Michael McCullers expands on the animated movie’s final wink and brainstorms how a followup could unfold.
[This story contains spoilers from The Boss Baby.]
Is Fox trying for The Bossier Baby?
Audiences of The Boss Baby — starring Alec Baldwin as a suit-wearing, briefcase-carrying baby on a mission to divert parents’ love from puppies — might assume as much, since the animated movie ended with a hint toward a sequel.
Directed by Tom McGrath, the film ends with Baldwin’s Boss Baby opting out of his corner office and ceremoniously shedding his suit to join Tim (Miles Christopher Bakshi) and the Templeton family — this time, as an actual younger brother. It then jumps a couple decades and places the two brothers in a maternity ward, where Tim’s daughter is waiting to meet her own baby sister. In a crib labeled “Templeton,” that newborn girl sits up and reveals that she’s wearing her own Boss Baby-esque suit and tie, and then winks at the audience.
However, screenwriter Michael McCullers asserts that the movie’s open-ended conclusion is just for fun. “I can’t even remember who came up with that,” he tells The Hollywood Reporter, explaining that the priority of that scene was to show how Tim and Boss Baby have remained close as siblings, even while Boss Baby pursues a corporate career. “We’re just trying to tell the best story with the characters. It’s in no way meant to be a twist or for a sequel. The producers just had a little fun at the end.”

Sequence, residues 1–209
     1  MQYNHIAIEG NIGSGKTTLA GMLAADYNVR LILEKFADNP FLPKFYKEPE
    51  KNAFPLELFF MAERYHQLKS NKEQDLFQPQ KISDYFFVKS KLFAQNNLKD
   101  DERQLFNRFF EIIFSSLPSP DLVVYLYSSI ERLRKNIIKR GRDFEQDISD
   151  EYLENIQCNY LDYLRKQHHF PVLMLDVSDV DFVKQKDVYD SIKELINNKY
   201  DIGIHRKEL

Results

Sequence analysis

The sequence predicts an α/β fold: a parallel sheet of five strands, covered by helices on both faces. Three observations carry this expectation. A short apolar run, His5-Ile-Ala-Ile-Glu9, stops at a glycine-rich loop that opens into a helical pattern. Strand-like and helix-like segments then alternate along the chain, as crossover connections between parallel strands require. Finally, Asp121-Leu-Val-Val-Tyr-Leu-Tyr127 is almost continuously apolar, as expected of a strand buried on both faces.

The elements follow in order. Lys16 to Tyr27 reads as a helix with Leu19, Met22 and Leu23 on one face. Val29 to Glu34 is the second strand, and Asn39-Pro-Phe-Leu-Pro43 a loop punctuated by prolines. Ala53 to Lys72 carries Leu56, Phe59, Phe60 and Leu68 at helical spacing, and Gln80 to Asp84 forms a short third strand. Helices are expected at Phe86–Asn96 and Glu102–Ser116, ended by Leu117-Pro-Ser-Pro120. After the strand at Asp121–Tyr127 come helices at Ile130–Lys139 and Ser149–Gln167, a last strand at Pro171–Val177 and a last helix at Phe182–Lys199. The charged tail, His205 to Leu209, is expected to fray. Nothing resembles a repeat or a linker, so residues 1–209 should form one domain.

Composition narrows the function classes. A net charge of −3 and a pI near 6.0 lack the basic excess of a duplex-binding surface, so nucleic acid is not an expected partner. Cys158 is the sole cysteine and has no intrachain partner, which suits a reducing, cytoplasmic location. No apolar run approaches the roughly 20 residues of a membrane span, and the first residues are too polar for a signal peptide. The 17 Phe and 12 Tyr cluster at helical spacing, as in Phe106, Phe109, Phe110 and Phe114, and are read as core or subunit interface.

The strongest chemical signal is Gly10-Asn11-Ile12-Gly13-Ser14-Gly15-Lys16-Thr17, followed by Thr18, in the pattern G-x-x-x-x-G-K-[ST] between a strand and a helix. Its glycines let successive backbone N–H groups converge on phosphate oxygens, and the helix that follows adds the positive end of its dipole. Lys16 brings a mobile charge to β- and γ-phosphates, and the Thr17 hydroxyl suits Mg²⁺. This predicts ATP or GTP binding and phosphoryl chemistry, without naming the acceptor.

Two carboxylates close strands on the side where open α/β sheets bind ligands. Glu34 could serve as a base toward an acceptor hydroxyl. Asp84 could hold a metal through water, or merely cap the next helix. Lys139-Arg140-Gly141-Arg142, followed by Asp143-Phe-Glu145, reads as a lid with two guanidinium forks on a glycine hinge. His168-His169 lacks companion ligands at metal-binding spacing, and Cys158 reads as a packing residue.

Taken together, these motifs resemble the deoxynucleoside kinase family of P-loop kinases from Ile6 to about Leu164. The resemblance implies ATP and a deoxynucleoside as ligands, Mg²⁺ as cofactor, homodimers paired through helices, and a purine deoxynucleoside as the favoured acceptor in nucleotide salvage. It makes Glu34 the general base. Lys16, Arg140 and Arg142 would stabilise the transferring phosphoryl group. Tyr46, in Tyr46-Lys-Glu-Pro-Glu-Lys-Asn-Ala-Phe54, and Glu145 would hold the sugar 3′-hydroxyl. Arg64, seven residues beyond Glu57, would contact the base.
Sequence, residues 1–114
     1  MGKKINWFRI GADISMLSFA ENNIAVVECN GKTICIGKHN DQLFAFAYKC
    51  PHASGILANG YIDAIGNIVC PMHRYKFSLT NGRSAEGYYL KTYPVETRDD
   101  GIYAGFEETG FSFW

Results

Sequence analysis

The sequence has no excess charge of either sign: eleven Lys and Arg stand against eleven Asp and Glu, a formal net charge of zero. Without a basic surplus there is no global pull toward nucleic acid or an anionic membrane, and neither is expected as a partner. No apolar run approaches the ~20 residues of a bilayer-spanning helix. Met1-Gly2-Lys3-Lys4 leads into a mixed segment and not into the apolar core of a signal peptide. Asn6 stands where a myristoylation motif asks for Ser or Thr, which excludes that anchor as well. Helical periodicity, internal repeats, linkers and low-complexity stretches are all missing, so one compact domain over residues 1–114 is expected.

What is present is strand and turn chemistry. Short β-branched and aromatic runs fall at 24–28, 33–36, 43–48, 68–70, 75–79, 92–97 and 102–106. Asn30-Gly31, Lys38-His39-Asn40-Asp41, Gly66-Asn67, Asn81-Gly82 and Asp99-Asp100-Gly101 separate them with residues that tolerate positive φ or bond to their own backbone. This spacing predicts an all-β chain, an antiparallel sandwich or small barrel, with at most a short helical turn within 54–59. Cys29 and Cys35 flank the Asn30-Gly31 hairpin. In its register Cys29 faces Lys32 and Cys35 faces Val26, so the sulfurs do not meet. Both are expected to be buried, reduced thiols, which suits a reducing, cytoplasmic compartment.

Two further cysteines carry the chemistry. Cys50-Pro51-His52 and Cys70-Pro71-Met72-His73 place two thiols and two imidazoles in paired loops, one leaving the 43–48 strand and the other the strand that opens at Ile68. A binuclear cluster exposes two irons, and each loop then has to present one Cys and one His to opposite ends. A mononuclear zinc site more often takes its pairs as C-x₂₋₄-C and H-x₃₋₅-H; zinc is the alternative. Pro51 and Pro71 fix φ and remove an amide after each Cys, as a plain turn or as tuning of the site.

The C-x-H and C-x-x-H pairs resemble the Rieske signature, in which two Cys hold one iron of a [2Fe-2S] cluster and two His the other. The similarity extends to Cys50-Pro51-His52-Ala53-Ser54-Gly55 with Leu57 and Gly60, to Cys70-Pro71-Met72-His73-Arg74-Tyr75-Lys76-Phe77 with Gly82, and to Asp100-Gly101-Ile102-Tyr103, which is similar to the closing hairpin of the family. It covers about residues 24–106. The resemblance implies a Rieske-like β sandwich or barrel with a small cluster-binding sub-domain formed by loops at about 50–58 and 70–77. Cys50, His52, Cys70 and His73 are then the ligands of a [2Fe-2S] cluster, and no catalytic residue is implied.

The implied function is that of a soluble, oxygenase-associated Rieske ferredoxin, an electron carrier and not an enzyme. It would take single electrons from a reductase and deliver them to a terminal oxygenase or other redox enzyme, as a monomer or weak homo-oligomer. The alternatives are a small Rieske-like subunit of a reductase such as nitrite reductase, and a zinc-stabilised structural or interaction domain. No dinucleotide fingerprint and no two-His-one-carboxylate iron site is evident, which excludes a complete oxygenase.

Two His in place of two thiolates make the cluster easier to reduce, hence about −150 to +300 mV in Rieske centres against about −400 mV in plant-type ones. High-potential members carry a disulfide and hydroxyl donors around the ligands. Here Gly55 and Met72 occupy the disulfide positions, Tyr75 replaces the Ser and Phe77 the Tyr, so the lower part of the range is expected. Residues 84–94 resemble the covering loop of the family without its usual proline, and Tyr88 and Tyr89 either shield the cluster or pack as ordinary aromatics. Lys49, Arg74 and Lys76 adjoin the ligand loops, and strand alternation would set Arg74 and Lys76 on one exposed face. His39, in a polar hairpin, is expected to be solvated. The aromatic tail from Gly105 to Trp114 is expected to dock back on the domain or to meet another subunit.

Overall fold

“If there were to be a sequel, I would be very happy,” he continues. “We haven’t talked about it at all — that’s more of a finger-crossed kind of thing. We didn’t think about making this a franchise-able thing.”
Still, he’s somewhat open to the idea. “Families all feel that when there’s another sibling, there’s always something. They could also get a puppy, or instead of Boss Baby it could be Astronaut Baby — babies who have different jobs.”
Additionally, Marla Frazee, who wrote the original book The Boss Baby, recently released The Bossier Baby, which centers on a female newborn.
“That was a coincidence!” says McCullers, who only met the author the first time at the movie’s premiere in New York City. “It’s sort of a natural next chapter for her, but I don’t think there was any clever coordination between the movie and the writer.”
Unfortunately, that’s true, because the film’s ending doesn’t align with that second book.
“The Bossier Baby has a little girl baby coming in and firing the Boss Baby and she’s the CEO,” Frazee previously told THR. “In real life, I want Hillary Clinton to play her. I have her in a pantsuit with pearls and everything.”